Specific management

The rationale of some specific management shown in the table is obvious and similar to the management of the condition in non-malignant patients.

Pleurodesis after drainage of pleural effusion in malignant condition is effective in retarding recurrence of effusion with dyspnoea.2

Small cell carcinoma of the lung is highly responsive to chemotherapy. Combination chemotherapy in non-small cell lung cancer has resulted in symptom relief,5,6 and increase in median survival by 6-8 weeks compared to untreated patients.7-9 Radiotherapy gives effective palliation of symptomswith minimal side-effect to non-small cell carcinoma of the lung, but there is no evidence that it can prolong survival.10

Stenting and/or laser resection of endobronchial tumour are effective in controlling dyspnoea.

Antibiotic is the choice of treatment for bacterial chest infection. However, its use may not be indicated in terminally ill patients. Similarly, whether to treat pulmonary embolism with anticoagulants also depends on the stage of the disease. The patient and family should be involved in decision making.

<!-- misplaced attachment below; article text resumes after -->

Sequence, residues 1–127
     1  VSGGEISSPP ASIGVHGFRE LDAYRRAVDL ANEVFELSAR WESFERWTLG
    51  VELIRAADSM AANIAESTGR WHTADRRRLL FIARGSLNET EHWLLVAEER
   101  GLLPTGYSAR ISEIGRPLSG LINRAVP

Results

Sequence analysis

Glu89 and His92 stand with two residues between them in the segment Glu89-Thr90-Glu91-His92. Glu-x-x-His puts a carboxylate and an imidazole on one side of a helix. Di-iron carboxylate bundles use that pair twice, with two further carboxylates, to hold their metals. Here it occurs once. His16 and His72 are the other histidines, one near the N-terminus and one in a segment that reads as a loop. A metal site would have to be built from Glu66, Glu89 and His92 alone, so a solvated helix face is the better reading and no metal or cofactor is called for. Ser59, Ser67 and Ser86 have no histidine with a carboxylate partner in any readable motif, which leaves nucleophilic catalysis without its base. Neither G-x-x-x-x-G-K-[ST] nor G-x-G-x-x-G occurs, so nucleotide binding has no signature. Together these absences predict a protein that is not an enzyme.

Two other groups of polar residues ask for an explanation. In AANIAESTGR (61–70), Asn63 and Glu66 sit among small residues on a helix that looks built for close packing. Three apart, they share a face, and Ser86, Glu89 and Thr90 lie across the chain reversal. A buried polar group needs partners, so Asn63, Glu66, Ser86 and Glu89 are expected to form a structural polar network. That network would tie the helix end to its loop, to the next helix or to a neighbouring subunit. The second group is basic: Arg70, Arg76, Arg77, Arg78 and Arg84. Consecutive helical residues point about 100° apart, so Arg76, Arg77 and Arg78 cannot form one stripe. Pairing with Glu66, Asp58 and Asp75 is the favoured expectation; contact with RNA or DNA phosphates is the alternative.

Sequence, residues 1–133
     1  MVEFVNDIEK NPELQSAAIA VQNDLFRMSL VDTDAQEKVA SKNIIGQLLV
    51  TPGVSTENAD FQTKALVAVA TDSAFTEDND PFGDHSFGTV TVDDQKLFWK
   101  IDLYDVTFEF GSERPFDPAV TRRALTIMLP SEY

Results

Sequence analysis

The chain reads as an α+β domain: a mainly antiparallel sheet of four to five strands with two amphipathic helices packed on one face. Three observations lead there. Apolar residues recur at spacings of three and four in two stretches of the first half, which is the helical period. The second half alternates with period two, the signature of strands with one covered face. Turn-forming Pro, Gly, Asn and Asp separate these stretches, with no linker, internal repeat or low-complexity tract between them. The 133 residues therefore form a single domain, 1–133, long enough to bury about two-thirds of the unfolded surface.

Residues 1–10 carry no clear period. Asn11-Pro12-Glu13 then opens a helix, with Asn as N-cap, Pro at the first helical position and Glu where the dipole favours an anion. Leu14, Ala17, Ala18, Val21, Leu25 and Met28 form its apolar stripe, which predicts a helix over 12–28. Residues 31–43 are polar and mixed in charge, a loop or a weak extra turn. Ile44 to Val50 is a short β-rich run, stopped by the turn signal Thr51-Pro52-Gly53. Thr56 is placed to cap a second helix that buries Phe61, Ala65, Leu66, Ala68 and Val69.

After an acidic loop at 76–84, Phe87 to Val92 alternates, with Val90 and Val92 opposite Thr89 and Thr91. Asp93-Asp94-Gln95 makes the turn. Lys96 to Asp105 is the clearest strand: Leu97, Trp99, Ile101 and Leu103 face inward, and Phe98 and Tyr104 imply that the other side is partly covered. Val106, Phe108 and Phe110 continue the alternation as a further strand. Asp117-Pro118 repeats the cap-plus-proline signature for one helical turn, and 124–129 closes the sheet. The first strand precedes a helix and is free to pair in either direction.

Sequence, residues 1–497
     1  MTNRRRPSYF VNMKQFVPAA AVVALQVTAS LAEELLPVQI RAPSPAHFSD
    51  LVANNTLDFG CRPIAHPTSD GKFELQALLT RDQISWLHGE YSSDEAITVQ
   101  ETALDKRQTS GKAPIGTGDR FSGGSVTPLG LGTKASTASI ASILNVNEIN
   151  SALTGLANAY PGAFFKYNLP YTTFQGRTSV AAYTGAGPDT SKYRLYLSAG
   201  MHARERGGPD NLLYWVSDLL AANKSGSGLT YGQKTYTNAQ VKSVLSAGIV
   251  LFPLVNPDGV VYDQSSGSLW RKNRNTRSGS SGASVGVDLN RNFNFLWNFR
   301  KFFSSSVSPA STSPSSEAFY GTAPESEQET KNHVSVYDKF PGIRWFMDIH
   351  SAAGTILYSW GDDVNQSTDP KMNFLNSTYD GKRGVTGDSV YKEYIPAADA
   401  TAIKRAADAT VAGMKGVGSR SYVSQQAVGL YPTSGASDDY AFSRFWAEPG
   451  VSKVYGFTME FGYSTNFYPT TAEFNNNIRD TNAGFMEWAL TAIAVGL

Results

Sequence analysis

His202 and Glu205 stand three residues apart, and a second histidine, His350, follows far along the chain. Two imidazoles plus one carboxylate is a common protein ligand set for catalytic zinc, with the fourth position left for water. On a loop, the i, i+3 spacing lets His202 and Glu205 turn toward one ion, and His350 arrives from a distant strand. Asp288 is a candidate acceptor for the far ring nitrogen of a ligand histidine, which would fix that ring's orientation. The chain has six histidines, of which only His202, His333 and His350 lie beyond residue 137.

Non-specific management

The patient is less dyspnoeic if the need for exertion is reduced, such as using home-helper and using wheelchair and bedside commode.11

The patient can be propped up with pillow or sleep in a chair. He can be distracted by reading or watching television. Although stopping smoking is too late to prevent cancer, smoking can exacerbate dyspnoea.

Open the window and use an electric fan for facial cooling can relieve sensation of dyspnoea through stimulation of the receptors of the trigeminal nerve.

Physiotherapist can teach the patient to do breathing exercise, deep breathing and coughing. He can also do the postural drainage of retained secretion, percussion, vibration and suction. Humidified air from steam or nebul ised sali ne and mucolyt ic agents such as acetylcysteine or bromhexine can loose tenacious sputum.1 Excessive secretion in the terminal stage can be reduced by anticholinergic drugs.